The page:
On Top Of What I Looked At

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For 22 years I looked at the Ossipee Mountains on the far horizon across the southwestern coves of Squam Lake.  From the Westwinds Cottages, where our family spent a week every summer, I could see the Ossipees behind the closer height of Red Hill,  a hazy ridge of mountains I’d never climbed.  I knew the Ossipees were a ring of mountains from an ancient volcano, but there were few known trails and no maps, and I was always busy climbing the higher White Mountains to the north.

Yesterday I got to stand on top of the ridge I looked at all those summers and take in a distant view of that southwestern corner of Squam Lake, along with a gloriously expansive view of Lake Winnipesaukee.  The trail to the summit of Mt. Roberts passed over numerous ledges with views of the lakes to the south.

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From the top of Mt. Roberts we followed the High Ridge Trail, which strings many of the peaks together.  It’s an old carriage road, running along the 2,000 foot ridge, and is wide and grassy and some of the best hiking footing I’ve ever experienced.

The trails in the Ossipees have been mapped by the Trail Bandit, a man who started by mapping St. John in the Virgin Islands for hikers, then took on the Ossipees next.  I don’t know what the connection is, but I’m thankful for the work he’s done to make the trails more accessible.  The Lakes Region Conservation Trust has gone even further in making their conservation area in the Ossipees accessible by creating trail maps and kiosks in the Castle in the Clouds area of the Ossipee Mountains, clearly marking 30 miles of trails with blazes and signs.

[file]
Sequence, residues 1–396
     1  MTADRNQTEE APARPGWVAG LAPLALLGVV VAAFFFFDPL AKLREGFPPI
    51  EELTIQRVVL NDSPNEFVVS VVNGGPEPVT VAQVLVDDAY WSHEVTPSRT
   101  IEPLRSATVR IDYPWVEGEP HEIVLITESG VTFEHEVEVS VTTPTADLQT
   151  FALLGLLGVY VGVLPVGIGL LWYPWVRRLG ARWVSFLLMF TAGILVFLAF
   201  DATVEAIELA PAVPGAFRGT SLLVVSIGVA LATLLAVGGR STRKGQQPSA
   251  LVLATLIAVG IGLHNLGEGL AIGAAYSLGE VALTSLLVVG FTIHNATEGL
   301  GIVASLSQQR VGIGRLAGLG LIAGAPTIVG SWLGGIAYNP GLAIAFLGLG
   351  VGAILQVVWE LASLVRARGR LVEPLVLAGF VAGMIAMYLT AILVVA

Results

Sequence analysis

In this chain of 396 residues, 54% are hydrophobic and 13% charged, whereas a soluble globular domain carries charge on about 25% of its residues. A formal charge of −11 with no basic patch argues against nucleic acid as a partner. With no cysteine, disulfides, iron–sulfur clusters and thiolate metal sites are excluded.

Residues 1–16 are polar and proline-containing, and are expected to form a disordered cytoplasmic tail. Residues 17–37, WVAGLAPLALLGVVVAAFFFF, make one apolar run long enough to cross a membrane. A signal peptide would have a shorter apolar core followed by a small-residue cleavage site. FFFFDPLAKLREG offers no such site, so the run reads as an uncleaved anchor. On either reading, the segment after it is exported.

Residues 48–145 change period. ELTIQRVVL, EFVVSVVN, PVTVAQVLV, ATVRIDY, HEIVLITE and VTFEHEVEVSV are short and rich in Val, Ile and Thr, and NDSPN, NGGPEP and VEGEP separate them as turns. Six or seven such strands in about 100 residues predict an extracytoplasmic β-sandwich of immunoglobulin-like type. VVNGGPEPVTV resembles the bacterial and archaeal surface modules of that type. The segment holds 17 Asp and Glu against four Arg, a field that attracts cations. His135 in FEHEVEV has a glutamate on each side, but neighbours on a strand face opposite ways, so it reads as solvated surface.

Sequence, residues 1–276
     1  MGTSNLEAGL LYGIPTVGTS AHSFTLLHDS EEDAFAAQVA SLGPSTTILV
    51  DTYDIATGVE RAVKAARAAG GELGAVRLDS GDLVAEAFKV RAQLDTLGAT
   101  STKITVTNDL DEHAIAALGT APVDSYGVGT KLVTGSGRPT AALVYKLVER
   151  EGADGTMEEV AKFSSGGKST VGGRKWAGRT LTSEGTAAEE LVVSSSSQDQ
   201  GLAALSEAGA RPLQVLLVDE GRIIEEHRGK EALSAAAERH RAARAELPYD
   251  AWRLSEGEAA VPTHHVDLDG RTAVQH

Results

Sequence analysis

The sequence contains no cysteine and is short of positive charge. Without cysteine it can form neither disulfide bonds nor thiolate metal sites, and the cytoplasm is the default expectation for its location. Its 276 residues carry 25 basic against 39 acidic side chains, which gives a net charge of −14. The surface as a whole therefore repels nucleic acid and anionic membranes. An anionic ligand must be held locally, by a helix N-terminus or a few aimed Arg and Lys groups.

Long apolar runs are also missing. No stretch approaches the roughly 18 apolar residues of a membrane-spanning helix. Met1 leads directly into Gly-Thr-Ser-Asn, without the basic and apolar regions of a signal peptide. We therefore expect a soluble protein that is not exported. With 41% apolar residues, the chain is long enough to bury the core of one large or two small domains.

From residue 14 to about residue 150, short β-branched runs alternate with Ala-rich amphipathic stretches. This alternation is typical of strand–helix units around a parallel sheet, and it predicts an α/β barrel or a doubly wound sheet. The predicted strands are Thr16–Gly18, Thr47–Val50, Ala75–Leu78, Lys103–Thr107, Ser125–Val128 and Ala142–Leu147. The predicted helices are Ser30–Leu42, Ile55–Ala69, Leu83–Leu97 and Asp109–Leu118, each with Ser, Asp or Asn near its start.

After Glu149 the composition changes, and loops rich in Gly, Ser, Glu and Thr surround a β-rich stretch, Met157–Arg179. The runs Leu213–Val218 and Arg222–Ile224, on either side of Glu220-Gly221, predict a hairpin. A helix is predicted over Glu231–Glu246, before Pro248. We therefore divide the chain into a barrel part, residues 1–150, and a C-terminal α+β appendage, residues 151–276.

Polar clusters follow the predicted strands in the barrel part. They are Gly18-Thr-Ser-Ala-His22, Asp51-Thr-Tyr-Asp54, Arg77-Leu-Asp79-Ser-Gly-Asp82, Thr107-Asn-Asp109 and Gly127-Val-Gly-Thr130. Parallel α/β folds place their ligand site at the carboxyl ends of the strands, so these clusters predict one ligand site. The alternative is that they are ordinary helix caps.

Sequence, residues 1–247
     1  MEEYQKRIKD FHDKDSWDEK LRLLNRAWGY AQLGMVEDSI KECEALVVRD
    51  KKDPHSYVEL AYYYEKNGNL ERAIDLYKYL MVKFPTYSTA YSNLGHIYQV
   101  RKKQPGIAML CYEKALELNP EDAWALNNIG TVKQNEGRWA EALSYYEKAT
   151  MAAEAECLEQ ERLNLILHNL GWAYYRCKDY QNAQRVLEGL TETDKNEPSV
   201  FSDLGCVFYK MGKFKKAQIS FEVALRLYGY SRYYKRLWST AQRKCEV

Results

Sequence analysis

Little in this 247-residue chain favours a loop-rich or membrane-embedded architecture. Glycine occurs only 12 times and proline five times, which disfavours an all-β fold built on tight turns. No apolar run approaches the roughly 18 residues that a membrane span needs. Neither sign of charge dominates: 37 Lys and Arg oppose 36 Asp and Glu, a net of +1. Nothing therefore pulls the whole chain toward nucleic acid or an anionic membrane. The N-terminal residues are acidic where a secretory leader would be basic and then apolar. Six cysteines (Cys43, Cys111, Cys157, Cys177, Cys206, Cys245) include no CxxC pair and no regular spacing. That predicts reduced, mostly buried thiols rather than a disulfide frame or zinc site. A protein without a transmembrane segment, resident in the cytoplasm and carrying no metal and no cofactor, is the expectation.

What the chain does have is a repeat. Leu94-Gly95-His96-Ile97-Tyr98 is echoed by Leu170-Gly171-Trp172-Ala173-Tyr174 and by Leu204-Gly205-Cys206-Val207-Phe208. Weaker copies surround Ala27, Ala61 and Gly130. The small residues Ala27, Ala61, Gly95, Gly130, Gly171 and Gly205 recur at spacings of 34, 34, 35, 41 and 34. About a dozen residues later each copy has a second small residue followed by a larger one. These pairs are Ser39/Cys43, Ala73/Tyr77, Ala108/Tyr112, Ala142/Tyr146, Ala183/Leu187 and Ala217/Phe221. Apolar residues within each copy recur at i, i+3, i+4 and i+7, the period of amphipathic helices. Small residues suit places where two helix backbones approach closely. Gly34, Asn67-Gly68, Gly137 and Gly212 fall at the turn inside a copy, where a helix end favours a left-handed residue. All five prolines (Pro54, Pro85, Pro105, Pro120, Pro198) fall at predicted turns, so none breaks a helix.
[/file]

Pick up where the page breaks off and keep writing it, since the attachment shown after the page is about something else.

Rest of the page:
With a strong wind cooling off the hot sun and flickering light through the leaves of the trees along the trail, it was an ideal day for hiking.  I fell into a smooth rhythm of walking, the flow of a good hike following me long after I got to the end of the trail.  At the summit of Mt. Roberts we chatted with a couple having lunch there.  We talked about hiking lists we’ve completed (the man has done all the 4,000 footers in New England and the woman was working on 52 With A View) and how for the most part none of us are into lists at this point in our lives — too many other things competing for our recreational attention.

But after yesterday, the peaks in the Ossipees is a list I plan to pay more attention to.

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About Grace Mattern

Grace Mattern is a poet, writer, mother, grandmother, partner, friend, family member, gardener, triathlete, hiker and for 30 years was the Executive Director of the NH Coalition Against Domestic and Sexual Violence. She resigned her position at the Coalition on June 15, 2011 in order to concentrate on her writing, while continuing to engage in the movement to end violence against women as a consultant and advisor. Her chapbook Fever of Unknown Origin was published in 2001 and her full-length poetry book The Truth About Death was published in 2012.
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